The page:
Inspired by the launch of Marginal Revolution University, Matthew Kahn, an economics professor at UCLA and a non-resident scholar here at the Urbanization Project, recently began posting instructional videos of his own. Kahn is serving up short and accessible video segments on ideas from urban and environmental economics—a great resource for anyone interested in these fields.
Written with Jonathan Stewart.
Recently, New York City Mayor Bill de Blasio hired a San Francisco consulting firm, Bay Area Economics (BAE), to select neighborhoods for mandatory inclusionary zoning in conjunction with a new NYC program. In an article about the program, Crain’s New York says it will, “eventually give developers the opportunity to build taller buildings in certain neighborhoods only if they set aside a percentage of the apartments for affordable housing and do so without using any subsidies.”
What they mean is that the city has constrained the floor-area ratio (FAR) so much and the land price is so inflated that developers would not be able to profitably build even luxury housing under current FAR restrictions. If they could, they would not need to bother with inclusionary zoning. However, because developers will get additional FAR in exchange for adding some affordable housing units, new building construction may become worthwhile.
Two things are clear:
- The city has been arbitrarily constraining the FAR everywhere. They have not justified this policy by claiming that there are negative externalities to building height. In fact, they are perfectly willing to increase FAR by whatever is necessary to make the project viable.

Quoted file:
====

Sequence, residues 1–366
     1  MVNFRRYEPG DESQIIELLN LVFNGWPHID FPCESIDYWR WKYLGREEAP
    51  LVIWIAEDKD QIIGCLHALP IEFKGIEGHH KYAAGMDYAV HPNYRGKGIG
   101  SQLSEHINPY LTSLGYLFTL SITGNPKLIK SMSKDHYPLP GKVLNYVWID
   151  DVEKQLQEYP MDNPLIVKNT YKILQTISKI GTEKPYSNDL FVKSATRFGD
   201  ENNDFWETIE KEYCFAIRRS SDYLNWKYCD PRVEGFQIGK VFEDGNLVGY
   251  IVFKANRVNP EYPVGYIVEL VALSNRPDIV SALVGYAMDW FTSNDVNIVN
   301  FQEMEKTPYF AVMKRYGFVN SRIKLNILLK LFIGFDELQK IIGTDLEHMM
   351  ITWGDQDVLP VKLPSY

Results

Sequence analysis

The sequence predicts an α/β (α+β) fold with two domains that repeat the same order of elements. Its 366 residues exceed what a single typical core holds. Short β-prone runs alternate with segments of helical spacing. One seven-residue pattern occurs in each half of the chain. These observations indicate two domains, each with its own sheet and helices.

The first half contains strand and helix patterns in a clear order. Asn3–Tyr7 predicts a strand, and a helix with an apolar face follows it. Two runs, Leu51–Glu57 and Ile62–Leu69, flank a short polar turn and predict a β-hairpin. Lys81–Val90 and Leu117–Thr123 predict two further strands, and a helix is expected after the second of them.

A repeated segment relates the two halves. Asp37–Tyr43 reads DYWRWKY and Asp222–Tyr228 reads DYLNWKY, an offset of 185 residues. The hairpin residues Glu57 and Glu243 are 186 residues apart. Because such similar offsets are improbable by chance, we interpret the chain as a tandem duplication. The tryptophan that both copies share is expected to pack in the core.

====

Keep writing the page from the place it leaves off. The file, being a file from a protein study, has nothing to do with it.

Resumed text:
- The supply of new “affordable housing” will always be a fraction (about 20%) of the new market supply of housing for people above the 80th income percentile, assuming this is the income range that can cross-subsidize affordable housing. The new supply of affordable housing will then be 20% of 20% = 4%. Potential beneficiaries for affordable housing are between the 20th and 55th income percentile. Then, assuming the demand for new housing units is proportional along the income distributions, demand will be 35% compared with affordable housing supply of 4%.
The very possibility of making inclusionary zoning dependent on an increase in regulatory FAR is an indictment of the city planning policy. Ad absurdum, one could argue that decreasing the current FAR across the city would make land even more expensive. Under this policy, extra FAR grants would then be more valuable to developers and therefore increase the likelihood that more developers would be willing to build affordable units in exchange for higher FAR.
Inclusionary zoning may be politically necessary as it has a nice Robin Hood image that mayors find hard to resist. However, it will have little effect on the overall market if the supply for new affordable housing is limited to 20% of the new supply of luxury apartments.
The solution is obvious: increase the FAR in every part of the city for which a clear negative externality has not been identified. This will allow developers to add new units in large areas of the city. Start by allowing micro apartments everywhere and increase all FAR by 25%. Will people resist any change in current FAR? If so, the city will have the expensive housing it deserves.